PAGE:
The executive vice president of HR wanted new, breakthrough ideas for the department and asked one of her directors to develop them. The department needed more visibility in the organization and had become complacent. It was time for “big” ideas. The director invited 10 of his best managers for a day of brainstorming. The team started with a series of crazy exercises to warm up their creativity before they really got down to business. For hours they had great fun. They threw ideas on flip charts, picked the best, and started developing them in a second round. Before long they had over 50 good ideas to improve not only the HR department but also the rest of the organization. They presented their favorite five to the EVP. Her response was disappointing. She liked the ideas, and she even said some were very creative, but not one matched her definition of “breakthrough ideas.”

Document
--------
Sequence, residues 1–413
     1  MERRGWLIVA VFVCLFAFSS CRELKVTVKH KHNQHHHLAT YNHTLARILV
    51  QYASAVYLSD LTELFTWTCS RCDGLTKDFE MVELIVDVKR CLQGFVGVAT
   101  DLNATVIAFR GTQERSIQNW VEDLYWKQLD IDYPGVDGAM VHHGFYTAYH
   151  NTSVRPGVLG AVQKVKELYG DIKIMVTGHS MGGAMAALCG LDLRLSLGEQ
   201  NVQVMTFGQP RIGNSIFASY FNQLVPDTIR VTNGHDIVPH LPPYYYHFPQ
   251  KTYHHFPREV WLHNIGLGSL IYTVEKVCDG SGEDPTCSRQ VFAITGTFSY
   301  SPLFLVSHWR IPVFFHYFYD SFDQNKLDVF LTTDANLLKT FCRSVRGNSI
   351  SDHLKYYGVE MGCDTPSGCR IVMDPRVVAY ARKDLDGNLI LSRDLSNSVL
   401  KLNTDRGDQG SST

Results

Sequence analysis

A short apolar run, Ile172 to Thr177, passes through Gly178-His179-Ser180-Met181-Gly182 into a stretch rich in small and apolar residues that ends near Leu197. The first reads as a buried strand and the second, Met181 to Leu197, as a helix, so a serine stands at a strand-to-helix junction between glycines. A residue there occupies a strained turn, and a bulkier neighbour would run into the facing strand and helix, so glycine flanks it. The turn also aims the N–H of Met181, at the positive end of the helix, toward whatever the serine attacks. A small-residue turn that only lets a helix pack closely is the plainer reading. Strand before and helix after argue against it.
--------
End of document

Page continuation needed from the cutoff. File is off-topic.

The opening story describes one of the biggest mistakes in any innovation initiative. The HR director bypassed the framework and issue redefinition steps1 and worked with the team on a fuzzy problem without the proper preparation.

The traditional underlying belief about idea generation is that if you let people think long enough without constraints and criticisms, they will eventually come up with new and useful ideas. However, developing the “right” answer to a fuzzy problem would have been sheer luck for this group, as they did not have a clear idea about what the vice ...

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